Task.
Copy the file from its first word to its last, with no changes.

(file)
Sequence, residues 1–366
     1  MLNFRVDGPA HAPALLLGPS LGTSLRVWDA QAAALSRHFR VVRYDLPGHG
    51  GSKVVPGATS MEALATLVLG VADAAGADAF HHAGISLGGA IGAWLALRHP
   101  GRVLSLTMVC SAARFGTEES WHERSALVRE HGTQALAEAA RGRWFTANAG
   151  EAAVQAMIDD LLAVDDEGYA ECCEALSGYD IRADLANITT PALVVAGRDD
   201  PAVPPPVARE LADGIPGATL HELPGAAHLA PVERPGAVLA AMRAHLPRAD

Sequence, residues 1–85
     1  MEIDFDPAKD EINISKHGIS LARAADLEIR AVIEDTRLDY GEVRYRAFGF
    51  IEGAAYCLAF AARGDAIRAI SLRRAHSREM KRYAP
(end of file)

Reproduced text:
Sequence, residues 1–366
     1  MLNFRVDGPA HAPALLLGPS LGTSLRVWDA QAAALSRHFR VVRYDLPGHG
    51  GSKVVPGATS MEALATLVLG VADAAGADAF HHAGISLGGA IGAWLALRHP
   101  GRVLSLTMVC SAARFGTEES WHERSALVRE HGTQALAEAA RGRWFTANAG
   151  EAAVQAMIDD LLAVDDEGYA ECCEALSGYD IRADLANITT PALVVAGRDD
   201  PAVPPPVARE LADGIPGATL HELPGAAHLA PVERPGAVLA AMRAHLPRAD

Sequence, residues 1–85
     1  MEIDFDPAKD EINISKHGIS LARAADLEIR AVIEDTRLDY GEVRYRAFGF
    51  IEGAAYCLAF AARGDAIRAI SLRRAHSREM KRYAP